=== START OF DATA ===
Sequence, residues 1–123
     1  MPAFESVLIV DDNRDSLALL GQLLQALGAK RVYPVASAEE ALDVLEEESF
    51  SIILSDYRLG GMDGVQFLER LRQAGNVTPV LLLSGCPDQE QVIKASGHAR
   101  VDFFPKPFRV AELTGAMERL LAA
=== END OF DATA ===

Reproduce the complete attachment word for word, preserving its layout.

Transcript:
Sequence, residues 1–123
     1  MPAFESVLIV DDNRDSLALL GQLLQALGAK RVYPVASAEE ALDVLEEESF
    51  SIILSDYRLG GMDGVQFLER LRQAGNVTPV LLLSGCPDQE QVIKASGHAR
   101  VDFFPKPFRV AELTGAMERL LAA